- Predict the type of ions an element will form based on its position in the periodic table
- The electron configuration of an element dictates the element’s properties in a chemical reaction. Electron configurations vary regularly along the periodic table.
- The Aufbau principle determines the electron configuration of an element. The principle states that the lowest-energy orbitals are filled first, followed successively by higher-energy orbitals.
- Magnetism can result from unpaired electrons in a given ion of an element, depending on the spin states of the electrons.
- electron configurationThe arrangement of electrons in an atom, molecule, or other physical structure, such as a crystal.
Blocks of the Periodic Table
The periodic table does more than just list the elements. The word “periodic” means that within each row, or period, the elements show a pattern of characteristics. This is because the elements are listed in part by their electron configuration.
The alkali metals and alkaline earth metals have one and two valence electrons (electrons in the outer shell), respectively; because of this, they lose electrons to form bonds easily and so are very reactive. These elements comprise the s block of the periodic table. The p block, on the right, contains common non-metals, such as chlorine and helium. The noble gases, in the column on the right, almost never react, since they have eight valence electrons forming a stable outer shell. The halogens, directly to the left of the noble gases, readily gain electrons and react with metals. The s and p blocks make up the main-group elements, also known as representative elements. The d block, which is the largest, consists of transition metals, such as copper, iron, and gold. The f block, on the bottom, contains rarer metals, including uranium. Elements in the same group or family have the same configuration of valence electrons, so they behave in chemically similar ways.
In atomic physics and quantum chemistry, the electron configuration is the distribution of electrons of an atom or molecule in atomic or molecular orbitals. For example, the electron configuration of the neon atom (Ne) is 1s2 2s2 2p6. According to the laws of quantum mechanics, a certain energy is associated with each electron configuration. Under certain conditions, electrons can move from one orbital to another by emission or absorption of a quantum of energy, in the form of a photon.
Knowledge of the electron configurations of different atoms is useful in understanding the structure of the periodic table. The concept is also useful for describing the chemical bonds that hold atoms together. In bulk materials, this same idea helps explain the peculiar properties of lasers and semiconductors.
The idea of an electron configuration was first conceptualized under the Bohr model of the atom, and it is still common to speak of “shells” and “subshells” despite the advances in understanding of the quantum-mechanical nature of electrons.
The Aufbau principle (from the German Aufbau, meaning “building up, construction;” also called the Aufbau rule or building-up principle) is used to determine the electron configuration of an atom, molecule, or ion. The principle postulates a hypothetical process in which an atom is “built up” by the progressive addition of electrons. As electrons are added, they assume their most stable positions (electron orbitals) with respect to the nucleus and the electrons that are already there.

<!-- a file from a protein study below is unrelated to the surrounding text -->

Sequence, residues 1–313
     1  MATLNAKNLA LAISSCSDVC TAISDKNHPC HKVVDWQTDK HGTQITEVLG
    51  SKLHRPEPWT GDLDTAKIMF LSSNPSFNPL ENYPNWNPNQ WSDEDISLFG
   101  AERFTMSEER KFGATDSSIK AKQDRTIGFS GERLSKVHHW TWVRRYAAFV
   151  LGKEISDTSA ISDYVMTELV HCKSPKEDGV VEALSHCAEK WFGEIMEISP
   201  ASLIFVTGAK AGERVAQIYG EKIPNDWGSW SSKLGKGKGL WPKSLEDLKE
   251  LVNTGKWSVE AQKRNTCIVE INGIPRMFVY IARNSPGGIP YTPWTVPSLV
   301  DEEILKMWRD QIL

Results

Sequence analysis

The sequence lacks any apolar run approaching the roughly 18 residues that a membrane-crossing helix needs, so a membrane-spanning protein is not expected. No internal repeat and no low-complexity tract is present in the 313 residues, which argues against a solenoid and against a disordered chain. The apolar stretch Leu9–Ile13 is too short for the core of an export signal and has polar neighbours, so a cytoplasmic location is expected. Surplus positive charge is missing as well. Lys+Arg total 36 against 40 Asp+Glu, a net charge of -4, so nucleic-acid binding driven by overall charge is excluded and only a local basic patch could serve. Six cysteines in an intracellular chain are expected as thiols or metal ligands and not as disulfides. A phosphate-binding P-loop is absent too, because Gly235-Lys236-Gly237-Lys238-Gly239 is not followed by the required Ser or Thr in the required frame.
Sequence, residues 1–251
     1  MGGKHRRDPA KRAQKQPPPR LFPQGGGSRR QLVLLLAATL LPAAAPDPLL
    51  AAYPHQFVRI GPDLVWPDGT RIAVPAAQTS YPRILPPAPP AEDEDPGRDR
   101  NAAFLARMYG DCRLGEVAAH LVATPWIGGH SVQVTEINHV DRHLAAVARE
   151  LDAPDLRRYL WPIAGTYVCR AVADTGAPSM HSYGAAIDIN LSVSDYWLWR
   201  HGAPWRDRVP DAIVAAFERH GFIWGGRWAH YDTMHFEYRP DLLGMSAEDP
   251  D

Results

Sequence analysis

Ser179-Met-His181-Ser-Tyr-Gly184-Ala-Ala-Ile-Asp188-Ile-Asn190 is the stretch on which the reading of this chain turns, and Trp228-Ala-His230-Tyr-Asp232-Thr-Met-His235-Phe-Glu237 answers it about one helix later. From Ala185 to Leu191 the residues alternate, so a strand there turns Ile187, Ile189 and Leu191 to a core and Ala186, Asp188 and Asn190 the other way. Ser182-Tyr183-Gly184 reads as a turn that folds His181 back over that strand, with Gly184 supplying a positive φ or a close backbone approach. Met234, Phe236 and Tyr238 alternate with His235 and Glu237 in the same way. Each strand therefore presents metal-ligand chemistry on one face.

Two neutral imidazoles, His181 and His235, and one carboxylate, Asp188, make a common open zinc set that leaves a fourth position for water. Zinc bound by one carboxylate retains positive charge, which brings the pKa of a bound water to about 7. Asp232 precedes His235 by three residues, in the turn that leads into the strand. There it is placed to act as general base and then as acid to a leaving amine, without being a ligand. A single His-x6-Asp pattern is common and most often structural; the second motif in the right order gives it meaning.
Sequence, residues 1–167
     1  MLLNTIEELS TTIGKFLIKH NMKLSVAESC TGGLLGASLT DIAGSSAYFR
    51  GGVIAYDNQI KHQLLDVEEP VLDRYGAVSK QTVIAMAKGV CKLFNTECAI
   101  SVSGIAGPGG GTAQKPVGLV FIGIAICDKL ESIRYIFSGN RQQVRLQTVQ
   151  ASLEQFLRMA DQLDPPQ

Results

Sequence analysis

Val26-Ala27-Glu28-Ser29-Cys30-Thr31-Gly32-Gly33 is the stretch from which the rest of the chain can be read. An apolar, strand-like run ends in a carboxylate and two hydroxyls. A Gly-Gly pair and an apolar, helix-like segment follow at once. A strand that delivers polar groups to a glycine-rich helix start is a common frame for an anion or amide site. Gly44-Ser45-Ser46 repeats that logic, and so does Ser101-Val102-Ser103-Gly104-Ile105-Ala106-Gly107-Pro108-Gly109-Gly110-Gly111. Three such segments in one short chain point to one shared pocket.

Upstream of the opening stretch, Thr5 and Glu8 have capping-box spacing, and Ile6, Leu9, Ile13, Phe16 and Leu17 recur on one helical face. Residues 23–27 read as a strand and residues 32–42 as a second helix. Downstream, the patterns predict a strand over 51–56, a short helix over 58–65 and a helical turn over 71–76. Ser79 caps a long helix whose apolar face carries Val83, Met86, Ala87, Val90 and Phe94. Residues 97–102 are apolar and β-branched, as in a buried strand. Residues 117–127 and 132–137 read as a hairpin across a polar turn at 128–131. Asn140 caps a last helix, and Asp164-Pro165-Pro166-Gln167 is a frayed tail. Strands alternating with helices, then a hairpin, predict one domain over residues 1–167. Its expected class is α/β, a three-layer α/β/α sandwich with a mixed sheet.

According to the principle, electrons fill orbitals starting at the lowest available energy state before filling higher states (e.g., 1s before 2s). The number of electrons that can occupy each orbital is limited by the Pauli exclusion principle. If multiple orbitals of the same energy are available, Hund’s rule states that unoccupied orbitals will be filled before occupied orbitals are reused (by electrons having different spins).
Magnetism is a property of materials that respond to an applied magnetic field. Permanent magnets have persistent magnetic fields caused by ferromagnetism, the strongest and most familiar type of magnetism. However, all materials are influenced differently by the presence of a magnetic field. Some are attracted to a magnetic field (paramagnetism); others are repulsed by it (diamagnetism); still others have a much more complex relationship with an applied magnetic field (e.g., spin-glass behavior and antiferromagnetism). Substances that are negligibly affected by magnetic fields are considered non-magnetic, these are: copper, aluminum, gases, and plastic. Pure oxygen exhibits magnetic properties when cooled to a liquid state.
The magnetic properties of a given element depend on the electron configuration of that element, which will change when the element loses or gains an electron to form an ion. If the ionization of an element yields an ion with unpaired electrons, these electrons may align the sign of their spins in the presence of a magnetic field, making the material paramagnetic. If the spins tend to align spontaneously in the absence of a magnetic field, the resulting species is termed ferromagnetic.
Applications of Magnetism
A lodestone, or loadstone, is a naturally magnetized piece of the mineral magnetite (Fe3O4). Ancient people first discovered the property of magnetism in lodestone. Pieces of lodestone, suspended so they could turn, were the first magnetic compasses, and their importance to early navigation is indicated by their very name, which in Middle English means “course stone” or “leading stone.” Lodestone is one of only two minerals that is found naturally magnetized; the other, pyrrhotite, is only weakly magnetic.
Boundless vets and curates high-quality, openly licensed content from around the Internet. This particular resource used the following sources: